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5 reasons you should love classic World of Warcraft

Anne Stickney

I have a lot of love for World of Warcraft in each of its iterations. When I wrote 5 reasons you should love Mists of Pandaria, it really made me start to look back at the history of the game -- not necessarily the lore and story that I usually write about, but the various expansions from classic all the way to the upcoming Mists. Though the expansions themselves were vastly different in terms of story and progression, there are still things to love about every single one -- yes, including Cataclysm.

Maybe it's just human nature to be cynical. Maybe it's just human nature to be caught in the dissatisfaction of now. But I can't help but think that perhaps we've lost sight of the reasons we love this game. It's not just internet dragons, after all. There's plenty out there to look at and remember fondly and keep in mind as we move on into the future. So read these, think back and remember -- once upon a time, we were all in love with this game. I don't think that the game has altered from its basic tenets in so dramatic a fashion as to warrant outright hatred or derision.

5. Discovery

World of Warcraft was the stark realization of many, many years of hard work for one purpose: to bring the Warcraft RTS series to breathtaking life. And it worked, absolutely. Those who logged in for the first time and walked among the shadowy boughs of Teldrassil, those who heard the triumphant and stirring theme of Stormwind, those who heard the primal, bestial sounds of war drums in Orgrimmar -- there was a special kind of magic in those first few steps.

Everything we loved about the Warcraft RTS series was now alive in a way we'd never seen before. Every beloved character from the original games was there with us, talking to us, giving us quests. Azeroth was an incomprehensibly massive world teeming with life, and it was up to us to trek along the dusty roads and discover just what was out there to see. It was a story that was incredibly familiar, presented in a way we'd never seen it before, and there was a magic surrounding that transformation that drew people in.

4. A new kind of gameplay

What World of Warcraft offered was a streamlined, slightly easier experience than other MMOs of its time. While games like EverQuest punished players with experience debt for dying, Warcraft would simply let you run back to your corpse and go. There was no need for tutorials, no need to research beforehand or even read the game manual -- a player could simply log in and start playing, gaining levels fairly quickly as they traveled through the game.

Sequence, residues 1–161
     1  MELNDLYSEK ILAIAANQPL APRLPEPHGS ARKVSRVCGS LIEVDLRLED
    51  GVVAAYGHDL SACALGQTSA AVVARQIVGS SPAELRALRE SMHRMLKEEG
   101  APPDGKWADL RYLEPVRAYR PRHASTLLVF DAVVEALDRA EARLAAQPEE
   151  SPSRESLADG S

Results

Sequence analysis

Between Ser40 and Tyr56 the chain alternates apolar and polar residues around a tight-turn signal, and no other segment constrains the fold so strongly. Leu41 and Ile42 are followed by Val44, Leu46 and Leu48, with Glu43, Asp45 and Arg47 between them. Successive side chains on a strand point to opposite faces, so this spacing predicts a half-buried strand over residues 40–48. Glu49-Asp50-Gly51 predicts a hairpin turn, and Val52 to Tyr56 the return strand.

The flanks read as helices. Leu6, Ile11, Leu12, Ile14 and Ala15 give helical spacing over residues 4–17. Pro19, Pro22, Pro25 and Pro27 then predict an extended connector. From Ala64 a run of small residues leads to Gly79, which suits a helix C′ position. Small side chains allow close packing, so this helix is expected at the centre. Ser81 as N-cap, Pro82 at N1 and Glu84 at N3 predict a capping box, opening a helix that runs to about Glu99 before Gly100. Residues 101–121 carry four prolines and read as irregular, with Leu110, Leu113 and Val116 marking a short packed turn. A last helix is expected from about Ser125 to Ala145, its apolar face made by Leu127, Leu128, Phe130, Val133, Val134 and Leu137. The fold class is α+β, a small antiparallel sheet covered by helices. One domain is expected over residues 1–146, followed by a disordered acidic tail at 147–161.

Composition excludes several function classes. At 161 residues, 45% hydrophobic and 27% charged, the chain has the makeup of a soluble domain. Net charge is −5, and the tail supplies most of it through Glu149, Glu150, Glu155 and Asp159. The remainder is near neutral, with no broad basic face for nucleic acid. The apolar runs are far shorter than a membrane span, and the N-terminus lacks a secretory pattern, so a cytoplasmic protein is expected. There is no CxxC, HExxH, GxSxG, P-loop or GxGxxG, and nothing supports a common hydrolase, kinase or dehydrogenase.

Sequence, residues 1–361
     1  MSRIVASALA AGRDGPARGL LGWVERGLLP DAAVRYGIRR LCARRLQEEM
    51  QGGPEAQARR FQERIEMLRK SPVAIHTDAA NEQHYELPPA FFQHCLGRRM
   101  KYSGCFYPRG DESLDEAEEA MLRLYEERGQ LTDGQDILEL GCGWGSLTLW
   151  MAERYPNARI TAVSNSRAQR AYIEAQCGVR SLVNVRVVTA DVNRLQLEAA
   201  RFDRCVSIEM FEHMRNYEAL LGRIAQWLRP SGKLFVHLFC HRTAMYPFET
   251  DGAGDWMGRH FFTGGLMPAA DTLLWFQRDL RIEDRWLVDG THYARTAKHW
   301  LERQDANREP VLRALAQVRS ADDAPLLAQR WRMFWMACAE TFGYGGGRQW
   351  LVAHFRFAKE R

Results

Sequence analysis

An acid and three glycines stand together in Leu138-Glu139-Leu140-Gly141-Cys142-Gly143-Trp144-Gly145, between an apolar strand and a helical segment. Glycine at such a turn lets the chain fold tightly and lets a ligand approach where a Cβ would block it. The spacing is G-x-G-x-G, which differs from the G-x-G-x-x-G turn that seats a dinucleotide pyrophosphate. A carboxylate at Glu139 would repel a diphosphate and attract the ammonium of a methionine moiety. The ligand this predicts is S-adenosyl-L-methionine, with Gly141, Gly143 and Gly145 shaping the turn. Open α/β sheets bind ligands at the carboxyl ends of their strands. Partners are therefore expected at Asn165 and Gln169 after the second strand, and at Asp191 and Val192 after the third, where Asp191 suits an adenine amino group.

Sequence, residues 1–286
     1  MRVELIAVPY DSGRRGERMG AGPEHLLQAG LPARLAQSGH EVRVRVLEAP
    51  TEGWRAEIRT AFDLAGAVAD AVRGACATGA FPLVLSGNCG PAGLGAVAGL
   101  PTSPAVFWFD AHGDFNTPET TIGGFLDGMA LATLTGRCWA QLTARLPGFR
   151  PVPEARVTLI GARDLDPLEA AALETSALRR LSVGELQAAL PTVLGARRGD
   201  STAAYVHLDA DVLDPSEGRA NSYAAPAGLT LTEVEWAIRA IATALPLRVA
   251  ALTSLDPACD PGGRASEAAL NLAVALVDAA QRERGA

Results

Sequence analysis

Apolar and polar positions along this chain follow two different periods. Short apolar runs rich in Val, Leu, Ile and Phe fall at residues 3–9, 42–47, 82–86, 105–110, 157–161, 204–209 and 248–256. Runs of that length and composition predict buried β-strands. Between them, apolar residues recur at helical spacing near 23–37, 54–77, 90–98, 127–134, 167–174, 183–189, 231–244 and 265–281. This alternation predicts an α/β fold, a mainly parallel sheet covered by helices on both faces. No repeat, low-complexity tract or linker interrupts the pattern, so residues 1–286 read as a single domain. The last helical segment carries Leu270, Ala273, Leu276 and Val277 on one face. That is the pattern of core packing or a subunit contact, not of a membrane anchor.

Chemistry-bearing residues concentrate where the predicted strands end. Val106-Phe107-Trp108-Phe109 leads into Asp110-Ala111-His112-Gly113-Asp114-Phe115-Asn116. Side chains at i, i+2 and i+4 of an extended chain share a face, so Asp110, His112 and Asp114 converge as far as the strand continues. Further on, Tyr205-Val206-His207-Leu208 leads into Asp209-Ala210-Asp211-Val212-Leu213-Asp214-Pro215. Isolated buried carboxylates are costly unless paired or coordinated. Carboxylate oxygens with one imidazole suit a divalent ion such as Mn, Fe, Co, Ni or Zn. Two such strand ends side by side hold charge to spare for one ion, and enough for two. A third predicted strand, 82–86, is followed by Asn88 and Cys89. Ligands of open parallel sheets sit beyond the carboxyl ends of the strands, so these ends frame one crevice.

This has always been a core tenet of Blizzard game design -- gameplay that is fun to play has always been at the top of the list, along with ease of learning. It may sound odd to those who remember vanilla being terribly difficult and the game being incredibly care bear and easy now, but in the days of classic, in the days where WoW's main competitor was EverQuest, the EverQuest population considered those who chose WoW the care bears and casuals. This game has always been about ease and accessibility, and players flocked to it because it let you get in there and play, without having to jump through any hoops to get started. It's a core belief of Blizzard's game design, one that it still takes into account today.

3. Visual diversity

Where most MMOs go for a more realistic, gritty feel in their graphics, WoW has never really wandered in that direction too far. The early days of World of Warcraft found it criticized for being too cartoony, yet there was an inherent charm in the way the game was designed. Villains looked appropriately villainous, heroes looked appropriately heroic -- and the scenery was and is still full of bright pops of vivid color and visual eye candy that you just didn't see in the real-world design of other MMO games.